"That's a whole new skill set they will need. An adjudication officer at the WRC can deal with whether someone got their breaks, unfair dismissal, equality claims, there is legislation, now you're going to be turning around and re-writing people's contracts.
"They will have to decide if an employer can say, I do need you at 9am?
"This flexible working is not just for coming in and finishing early, it's going to be 'I need Monday and Tuesday off'. You're now into the running of different businesses, that's a whole new area.
"This is where they will need a whole raft of adjudication officers with experience in the area of running businesses."
Mr Grogan reiterated his belief that the bill is very worthwhile, however, he fears it will bring up litigation issues in its current form.
"There's also a huge group of people who will never get this.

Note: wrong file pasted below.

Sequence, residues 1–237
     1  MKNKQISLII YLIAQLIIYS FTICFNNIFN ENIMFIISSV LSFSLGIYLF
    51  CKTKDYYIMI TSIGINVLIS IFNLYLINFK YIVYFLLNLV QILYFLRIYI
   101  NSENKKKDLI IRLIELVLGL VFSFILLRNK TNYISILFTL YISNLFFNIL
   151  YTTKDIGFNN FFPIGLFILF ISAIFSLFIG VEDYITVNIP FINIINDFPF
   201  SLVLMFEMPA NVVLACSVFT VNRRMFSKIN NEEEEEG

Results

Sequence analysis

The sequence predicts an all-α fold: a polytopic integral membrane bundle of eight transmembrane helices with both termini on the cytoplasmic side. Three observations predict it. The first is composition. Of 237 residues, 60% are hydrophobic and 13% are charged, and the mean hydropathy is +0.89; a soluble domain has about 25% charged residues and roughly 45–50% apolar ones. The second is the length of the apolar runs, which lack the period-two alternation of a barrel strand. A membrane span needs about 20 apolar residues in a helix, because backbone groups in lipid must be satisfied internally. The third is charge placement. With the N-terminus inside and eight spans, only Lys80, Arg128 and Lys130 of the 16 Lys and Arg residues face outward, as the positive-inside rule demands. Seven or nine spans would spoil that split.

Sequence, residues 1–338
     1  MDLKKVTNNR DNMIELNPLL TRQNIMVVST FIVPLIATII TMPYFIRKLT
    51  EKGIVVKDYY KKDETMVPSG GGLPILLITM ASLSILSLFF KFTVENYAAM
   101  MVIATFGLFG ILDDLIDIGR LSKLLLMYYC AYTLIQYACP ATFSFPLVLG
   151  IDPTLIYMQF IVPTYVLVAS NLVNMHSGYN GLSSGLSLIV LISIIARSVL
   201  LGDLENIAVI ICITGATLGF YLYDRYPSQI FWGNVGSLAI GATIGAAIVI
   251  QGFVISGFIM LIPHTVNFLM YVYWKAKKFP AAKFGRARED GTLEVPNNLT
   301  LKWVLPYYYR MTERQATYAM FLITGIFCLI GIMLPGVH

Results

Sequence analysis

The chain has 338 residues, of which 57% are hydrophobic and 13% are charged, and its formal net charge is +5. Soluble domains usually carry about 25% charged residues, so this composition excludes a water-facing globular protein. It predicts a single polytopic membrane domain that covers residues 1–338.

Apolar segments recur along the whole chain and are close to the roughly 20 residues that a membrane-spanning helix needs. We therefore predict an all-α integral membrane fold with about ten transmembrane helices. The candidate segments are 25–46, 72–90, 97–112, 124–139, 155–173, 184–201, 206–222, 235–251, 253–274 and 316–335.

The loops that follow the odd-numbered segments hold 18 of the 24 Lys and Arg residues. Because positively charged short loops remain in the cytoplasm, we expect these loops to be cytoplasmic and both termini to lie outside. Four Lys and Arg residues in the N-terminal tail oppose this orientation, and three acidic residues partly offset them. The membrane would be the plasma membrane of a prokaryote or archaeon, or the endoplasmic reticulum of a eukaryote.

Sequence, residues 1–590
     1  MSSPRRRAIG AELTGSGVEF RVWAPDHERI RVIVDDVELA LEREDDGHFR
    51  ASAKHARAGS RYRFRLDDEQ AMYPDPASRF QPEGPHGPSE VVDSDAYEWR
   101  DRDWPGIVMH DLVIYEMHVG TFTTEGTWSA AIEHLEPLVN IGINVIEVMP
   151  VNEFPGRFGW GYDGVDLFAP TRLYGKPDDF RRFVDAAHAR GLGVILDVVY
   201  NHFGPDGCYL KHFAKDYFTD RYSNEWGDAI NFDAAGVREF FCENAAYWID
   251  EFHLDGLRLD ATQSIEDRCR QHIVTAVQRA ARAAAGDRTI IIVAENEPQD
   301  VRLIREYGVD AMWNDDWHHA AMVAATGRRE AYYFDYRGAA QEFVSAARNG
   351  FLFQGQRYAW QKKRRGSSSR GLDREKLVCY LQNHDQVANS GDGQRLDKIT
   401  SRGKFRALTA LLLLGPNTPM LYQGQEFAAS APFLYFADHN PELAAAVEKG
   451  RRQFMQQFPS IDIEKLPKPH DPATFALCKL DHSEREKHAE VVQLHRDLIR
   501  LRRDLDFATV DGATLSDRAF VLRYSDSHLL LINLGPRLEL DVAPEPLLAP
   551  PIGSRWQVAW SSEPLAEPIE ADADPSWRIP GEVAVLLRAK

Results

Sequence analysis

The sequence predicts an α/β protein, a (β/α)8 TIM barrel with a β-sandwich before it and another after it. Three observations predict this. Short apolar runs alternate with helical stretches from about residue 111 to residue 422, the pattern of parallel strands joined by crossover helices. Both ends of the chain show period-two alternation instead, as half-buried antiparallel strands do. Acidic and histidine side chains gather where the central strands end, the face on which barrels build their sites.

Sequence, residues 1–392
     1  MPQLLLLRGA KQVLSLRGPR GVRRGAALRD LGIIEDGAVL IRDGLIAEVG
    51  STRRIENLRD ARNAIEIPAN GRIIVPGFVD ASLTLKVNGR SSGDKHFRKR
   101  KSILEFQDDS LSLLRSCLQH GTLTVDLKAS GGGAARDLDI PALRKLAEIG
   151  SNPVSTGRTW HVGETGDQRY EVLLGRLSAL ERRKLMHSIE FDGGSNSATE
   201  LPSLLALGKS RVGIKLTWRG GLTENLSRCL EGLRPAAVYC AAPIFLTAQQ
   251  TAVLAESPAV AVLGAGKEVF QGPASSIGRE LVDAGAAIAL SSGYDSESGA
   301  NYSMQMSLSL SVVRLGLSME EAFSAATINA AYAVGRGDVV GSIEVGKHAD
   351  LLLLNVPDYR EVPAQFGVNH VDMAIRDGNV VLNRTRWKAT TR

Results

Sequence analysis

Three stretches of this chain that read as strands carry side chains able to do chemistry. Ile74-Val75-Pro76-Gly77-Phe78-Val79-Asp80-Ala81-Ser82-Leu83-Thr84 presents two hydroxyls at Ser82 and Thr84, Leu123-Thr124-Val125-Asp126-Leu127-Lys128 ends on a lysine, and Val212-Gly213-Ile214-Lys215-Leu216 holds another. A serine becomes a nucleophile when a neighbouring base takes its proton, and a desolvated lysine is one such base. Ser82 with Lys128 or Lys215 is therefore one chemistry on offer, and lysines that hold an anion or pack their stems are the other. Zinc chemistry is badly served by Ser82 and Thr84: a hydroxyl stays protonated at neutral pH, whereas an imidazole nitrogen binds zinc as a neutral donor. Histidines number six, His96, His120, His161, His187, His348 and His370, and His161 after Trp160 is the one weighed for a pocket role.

"Doctors, nurses, ambulance drivers. How do you cover people in these professions having two days off during the week?
"The real problem with Irish legislation, particularly employment, is that it's announced without sitting down and working out the practical issues for those who will be at the coalface dealing with it?
"Ictu and Ibec will be brought in for the pre-legislative process, but nobody will bring the lawyers in to ask how will this be determined, how will the WRC have this skill set? I'm an employment law solicitor, what do I know about running a coffee shop.
"This brings a huge level of complexity to how it will be operated. What concerns me is these things are announced, and it's presumed everyone will be entitled to flexible working, there's a whole group of people who will never get it.
"My experience is when employment legislation in Ireland is introduced, then the problems arise, then the litigation and the cost of the litigation arises.
"It's a piece of legislation I think is very worthwhile, it's being announced piecemeal, but we're not getting where the exemptions and exceptions will be. What concerns me as an employment law solicitor is we're going to be going down fighting how a business operates.
"It's all last minute stuff, in principle it's very good but how it's going to operate in practice has the potential to be a complete and utter nightmare for employers and employees, and an expensive nightmare."